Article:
There probably would be one difference in terms of the policy regarding the Palestinians in Judea & Samaria, in that **INITIALLY** there would probably be a waiting period of about 5-7 years before they could apply for citizenship. After that, it’s each individual’s choice.

I personally am not a fan of the idea & reluctantly accept the idea of a Palestinian state. But it doesn’t mean that it’s necessary to demonize Dayan, Rivlin & others who advocate this position. BTW I believe that Dayan is correct in predicting that a Palestinian state will likely go the way of Egypt & Gaza & become Islamist & very hostile to Israel. Expect rockets to hit B-G Int’l.

And also expect as many Palestinians who can will move into those villages in Area C near settlement blocs so that they can become part of Israel. They are neither stupid nor naive.


J’lem / Efrata

Lisa Liel says:

Wow. Adam, you are so incredibly detached from reality that it’s hard to know where to start.

A “two-state solution”, in the minds of the Arabs, is simply one major step towards getting rid of Israel entirely. The fact that they can say this over and over again and people like you continue to bury their heads in the sand goes beyond the pathetic, and approaches the pathological.

The basic issue here is this. You and those like you are faced with an untenable situation. You know (if you use your brains) that the Arabs will never stop their campaign to “liberate” all of what they consider Palestine, including Tel Aviv and Haifa and Beersheba. Which means that you know giving them Judea and Samaria and almost tripling the length of Israel’s eastern border, not to mention giving Israel a 9 kilometer “waist” would be virtual suicide. But at the same time, you know that the only alternative to that would be for Israel to annex Judea and Samaria. Which would give Israel only two alternatives if it is to remain a Jewish state. To deny the Arabs there political rights, which smacks of apartheid, or to encourage the vast majority to leave. And since you can’t imagine most of them leaving without a fight, you’re left with expulsion, which makes you think of Nazi deportations.

The prospect of kicking Arabs out or denying them rights is so inconceivable to you that you’re willing to squeeze your eyes shut and hope for the best. Hope that everything the Arabs have ever done, every way they’ve ever reacted to concessions, will somehow be different this time, if we can only placate them.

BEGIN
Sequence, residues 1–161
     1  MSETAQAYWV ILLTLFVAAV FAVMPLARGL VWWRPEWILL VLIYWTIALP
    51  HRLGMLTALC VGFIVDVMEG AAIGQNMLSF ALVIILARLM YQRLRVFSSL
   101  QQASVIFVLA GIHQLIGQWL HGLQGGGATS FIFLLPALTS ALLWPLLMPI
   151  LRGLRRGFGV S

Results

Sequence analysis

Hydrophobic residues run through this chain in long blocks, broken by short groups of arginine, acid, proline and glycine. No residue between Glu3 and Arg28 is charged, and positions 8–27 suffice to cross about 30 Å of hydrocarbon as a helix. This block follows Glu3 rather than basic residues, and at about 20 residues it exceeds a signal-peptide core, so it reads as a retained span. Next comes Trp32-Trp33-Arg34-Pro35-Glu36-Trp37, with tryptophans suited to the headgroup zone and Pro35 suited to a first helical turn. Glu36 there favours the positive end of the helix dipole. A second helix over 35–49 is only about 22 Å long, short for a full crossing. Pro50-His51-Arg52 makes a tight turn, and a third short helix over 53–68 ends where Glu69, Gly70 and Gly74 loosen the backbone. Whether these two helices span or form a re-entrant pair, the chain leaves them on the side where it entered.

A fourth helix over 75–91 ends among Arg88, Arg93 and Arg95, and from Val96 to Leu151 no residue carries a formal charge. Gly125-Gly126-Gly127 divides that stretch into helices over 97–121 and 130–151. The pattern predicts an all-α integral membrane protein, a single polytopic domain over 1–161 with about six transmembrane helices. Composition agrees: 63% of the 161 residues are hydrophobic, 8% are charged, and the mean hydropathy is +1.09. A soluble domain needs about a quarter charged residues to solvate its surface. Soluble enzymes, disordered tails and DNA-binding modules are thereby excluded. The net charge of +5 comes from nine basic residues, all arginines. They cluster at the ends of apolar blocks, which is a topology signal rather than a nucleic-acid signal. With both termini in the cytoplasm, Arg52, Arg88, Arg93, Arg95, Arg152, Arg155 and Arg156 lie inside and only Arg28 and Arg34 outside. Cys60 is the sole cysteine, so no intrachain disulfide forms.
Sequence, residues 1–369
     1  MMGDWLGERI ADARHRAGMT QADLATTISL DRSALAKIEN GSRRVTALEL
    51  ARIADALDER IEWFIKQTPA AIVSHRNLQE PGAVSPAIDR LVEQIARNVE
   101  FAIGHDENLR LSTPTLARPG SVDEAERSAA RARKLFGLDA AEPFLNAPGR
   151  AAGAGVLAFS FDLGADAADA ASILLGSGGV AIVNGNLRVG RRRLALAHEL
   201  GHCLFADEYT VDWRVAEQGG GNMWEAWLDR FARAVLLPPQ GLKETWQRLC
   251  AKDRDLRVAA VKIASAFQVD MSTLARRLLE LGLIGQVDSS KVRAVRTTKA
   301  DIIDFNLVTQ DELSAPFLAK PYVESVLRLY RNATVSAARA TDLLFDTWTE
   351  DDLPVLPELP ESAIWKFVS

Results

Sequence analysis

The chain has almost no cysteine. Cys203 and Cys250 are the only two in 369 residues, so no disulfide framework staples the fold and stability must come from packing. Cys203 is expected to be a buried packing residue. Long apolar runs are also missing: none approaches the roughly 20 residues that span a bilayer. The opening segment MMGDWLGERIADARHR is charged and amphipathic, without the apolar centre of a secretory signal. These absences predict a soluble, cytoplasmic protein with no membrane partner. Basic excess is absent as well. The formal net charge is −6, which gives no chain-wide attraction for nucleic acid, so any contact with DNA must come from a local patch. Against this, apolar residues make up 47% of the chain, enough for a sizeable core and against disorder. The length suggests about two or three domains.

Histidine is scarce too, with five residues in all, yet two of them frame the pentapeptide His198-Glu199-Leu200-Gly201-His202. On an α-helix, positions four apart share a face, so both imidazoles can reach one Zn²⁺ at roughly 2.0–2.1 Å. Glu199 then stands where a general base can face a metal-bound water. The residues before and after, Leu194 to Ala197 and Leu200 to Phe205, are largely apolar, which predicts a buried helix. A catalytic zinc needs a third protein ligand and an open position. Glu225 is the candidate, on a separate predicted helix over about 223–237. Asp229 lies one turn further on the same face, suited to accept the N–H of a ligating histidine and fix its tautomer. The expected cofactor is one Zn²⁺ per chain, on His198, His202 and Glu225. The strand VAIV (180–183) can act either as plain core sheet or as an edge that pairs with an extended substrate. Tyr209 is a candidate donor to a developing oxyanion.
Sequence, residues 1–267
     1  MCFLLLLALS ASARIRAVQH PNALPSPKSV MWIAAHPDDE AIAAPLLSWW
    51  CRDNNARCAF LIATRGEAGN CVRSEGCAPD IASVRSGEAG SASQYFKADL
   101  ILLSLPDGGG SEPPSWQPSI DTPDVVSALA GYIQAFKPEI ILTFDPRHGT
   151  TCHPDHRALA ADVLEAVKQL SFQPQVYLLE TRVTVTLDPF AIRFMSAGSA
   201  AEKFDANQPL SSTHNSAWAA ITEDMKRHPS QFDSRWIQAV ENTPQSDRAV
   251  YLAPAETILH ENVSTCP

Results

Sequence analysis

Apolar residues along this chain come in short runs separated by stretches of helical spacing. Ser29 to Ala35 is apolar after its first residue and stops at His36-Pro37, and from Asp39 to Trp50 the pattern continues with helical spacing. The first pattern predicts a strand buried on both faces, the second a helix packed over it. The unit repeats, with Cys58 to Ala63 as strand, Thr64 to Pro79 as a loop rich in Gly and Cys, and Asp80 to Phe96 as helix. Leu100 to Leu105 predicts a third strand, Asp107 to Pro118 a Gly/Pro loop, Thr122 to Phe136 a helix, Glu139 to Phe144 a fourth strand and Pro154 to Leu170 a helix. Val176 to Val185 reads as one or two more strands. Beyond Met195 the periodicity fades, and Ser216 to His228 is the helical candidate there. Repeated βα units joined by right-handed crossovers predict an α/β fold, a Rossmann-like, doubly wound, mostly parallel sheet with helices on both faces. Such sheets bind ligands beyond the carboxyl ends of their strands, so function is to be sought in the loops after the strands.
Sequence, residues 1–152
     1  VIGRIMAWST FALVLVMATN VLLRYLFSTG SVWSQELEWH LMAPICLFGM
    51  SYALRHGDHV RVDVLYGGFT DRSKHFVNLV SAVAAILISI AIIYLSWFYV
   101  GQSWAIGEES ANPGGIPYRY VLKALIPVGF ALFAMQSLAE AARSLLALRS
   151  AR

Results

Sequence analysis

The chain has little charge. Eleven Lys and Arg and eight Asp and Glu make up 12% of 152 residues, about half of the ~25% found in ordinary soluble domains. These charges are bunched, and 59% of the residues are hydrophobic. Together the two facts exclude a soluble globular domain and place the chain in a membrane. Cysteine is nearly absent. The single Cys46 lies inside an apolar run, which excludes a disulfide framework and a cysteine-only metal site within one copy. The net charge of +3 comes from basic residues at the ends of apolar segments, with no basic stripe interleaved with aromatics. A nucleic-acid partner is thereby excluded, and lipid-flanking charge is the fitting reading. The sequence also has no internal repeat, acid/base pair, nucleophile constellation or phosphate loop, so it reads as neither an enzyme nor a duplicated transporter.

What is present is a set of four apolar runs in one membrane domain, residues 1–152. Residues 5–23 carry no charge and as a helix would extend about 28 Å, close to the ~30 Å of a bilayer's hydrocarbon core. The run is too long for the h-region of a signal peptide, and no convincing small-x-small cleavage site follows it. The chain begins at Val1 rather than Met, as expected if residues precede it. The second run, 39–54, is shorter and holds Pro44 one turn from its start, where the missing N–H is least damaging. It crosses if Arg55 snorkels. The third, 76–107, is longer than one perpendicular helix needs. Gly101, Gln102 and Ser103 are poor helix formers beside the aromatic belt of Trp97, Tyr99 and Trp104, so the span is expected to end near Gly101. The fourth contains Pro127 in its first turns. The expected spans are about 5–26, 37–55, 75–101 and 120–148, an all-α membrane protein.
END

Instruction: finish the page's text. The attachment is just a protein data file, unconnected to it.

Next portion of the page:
Placating the Arabs, at any cost, is superior, for you, to defeating them. Thankfully, a growing number of Jews don’t agree. Both in Israel and in the US. A growing number of Jews are casting off the Christian idea of “turn the other cheek” in favor of the Jewish idea of “One who comes to kill you, rise up and kill him.”

Most of the Arabs want to leave. Poll after poll (including those done by the Arabs themselves) confirms this. They merely lack the means. What you should be doing is helping to raise money to reward Arabs who leave. To buy tickets for them and give them grants to build new and healthier lives elsewhere. The idea that you’d endanger Israel’s existence out of cognitive dissonance without even trying this first does not speak well of you at all.

    Saint_Etienne says:

    Dear Lisa, I’m afraid you might be trapped in an illusion of your own. What makes you think the Arabs actually want to leave? Can you provide links or references to those polls you mentioned?

      Lisa Liel says:

      Do the current security, political and economic circumstances urge you to


      West Bank

      27.8% Yes

      72.0% No

      0.2% No opinion/I do not know

      Gaza Strip

      53.4% Yes

      44.8% No

      1.8% No opinion/I do not know
      And this is a poll taken by An-Najah. Polls where the Arabs answering don’t need to be afraid would probably give even higher numbers.

      Why in God’s name would you nod help facilitate their emigration? When the fundamental problem is the conflict between two populations and a large percentage of one of them wants to leave, what possible reason could there be for not trying that first?

        Saint_Etienne says:

        First of all, thanks for getting back to me. Btw, the link doesn’t really work – it takes one to the IMRA home page, but I get the point anyway.

        In short, I think you are reading waaaay too much into this poll. Its phrasing is rather ambivalent – probably intentionally so. To me it reads like a gauge of people’s exasperation with their situation, not as a revelation of their deeply-harboured desire. In other word, it’s a sort of confession under duress and doesn’t really count.

        Or that’s at least the way ti would be perceived by a neutral observer. Which brings me to point out that a plan of “urged emigration”, such as you appear to advocate would need to enjoy a reasonable measure of international support in order to succeed (or, instead, a great deal of coercion – but that’s not what you had in mind, presumably). Do you really think such support will be forthcoming?